I am a last year PhD student at the Planar Polarity and Plasticity team in Bordeaux, France. I have a strong interest in neuronal polarity, development and activity-dependent plasticity. I am also interested in microscopy —especially super-resolution—, technology development, open science and the preprints publishing system.
You will see me writing preLights mostly about Neuroscience, Developmental Biology and Cell Biology subjects.
Brief sensory deprivation triggers cell type-specific structural and functional plasticity in olfactory bulb neurons
Sensory input drives rapid homeostatic scaling of the axon initial segment in mouse barrel cortex
Synaptogenic activity of the axon guidance molecule Robo2 is critical for hippocampal circuit function
Tropomyosin Tpm3.1 is required to maintain the structure and function of the axon initial segment
A collection of preprints presented during the virtual meeting of the Federation of European Neuroscience Societies (FENS) in 2020
|List by||Ana Dorrego-Rivas|
Planar Cell Polarity – PCP
This preList contains preprints about the latest findings on Planar Cell Polarity (PCP) in various model organisms at the molecular, cellular and tissue levels.
|List by||Ana Dorrego-Rivas|
Answers to the questions from the authors:
– The inhibition of Tpm3.1 leads to a decrease of AnkG and also promotes the disruption of the somatodendritic vesicles filter at the AIS. It is known that this last effect is also triggered the invalidation of AnkG. Is it possible that Tpm3.1 is promoting such an effect by disrupting the actin and decreasing AnkG by direct interaction? Do you plan to run interaction experiments between Tpm3.1 and AnkG / other AIS components, considering also that some of them show periodic patterns within the AIS, like Tpm3.1?
This is a crucial point. We are very interested in elucidating the exact mechanism through which Tpm3.1 contributes to the stability of the structure. As you mentioned, disrupting AnkG accumulation (for example through knocking it down) leads to the loss of AIS structure and function. The question is whether the effects we see on AIS structure and function upon Tpm3.1 inhibition are a result of the loss of AnkG, or is the loss of AnkG itself one of the effects of Tpm3.1 inhibition, which acts through a different mechanism. According to the current literature and our unpublished results, Tpm3.1 would be situated around 100 nm away from AnkG. Therefore, direct interaction between Tpm3.1/actin rings and AnkG is not plausible. However, it is possible that other components of the AIS lattice, such as betaIV-spectrin, are acting as a link that mediates this interaction. We are actively looking into this!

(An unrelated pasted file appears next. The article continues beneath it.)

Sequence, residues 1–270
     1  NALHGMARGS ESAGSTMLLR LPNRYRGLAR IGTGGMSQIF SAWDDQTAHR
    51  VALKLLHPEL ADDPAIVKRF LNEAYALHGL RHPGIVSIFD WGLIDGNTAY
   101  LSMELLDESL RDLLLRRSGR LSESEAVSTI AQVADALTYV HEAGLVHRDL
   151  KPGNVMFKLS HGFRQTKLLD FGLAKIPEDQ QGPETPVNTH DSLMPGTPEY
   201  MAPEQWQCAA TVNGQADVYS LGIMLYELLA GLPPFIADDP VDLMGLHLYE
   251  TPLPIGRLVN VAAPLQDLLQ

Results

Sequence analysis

– You show that Tpm3.1 is expressed in the mature AIS, do you know if it is also true for the stages where the AIS is developing? In this case, would it be possible to downregulate Tpm3.1 at DIV0 with and assess the consequences on AIS formation?
The literature suggests that Tpm3.1 localizes to the axons of developing neurons early during development. Hannan et al. (Mol. Cell. Neurosci., 1995) described the segregation of Tpm3.1 as the “earliest known marker for neuronal polarity”. We did not test the effects of downregulating Tpm3.1 at the early stages. In the experiments we conducted with Tpm3 KO mice, we introduced Cre at DIV0 in cultures. However, the experiments were run at DIV10 and even at DIV10, neurons had some residual Tpm3.1 left (which contributes to the milder effects of KO compared to acute inhibition). It would be interesting to test the effect of direct acute inhibition at the early stages and seeing if Tpm3.1 affects AIS formation or if it is only required for AIS maintenance.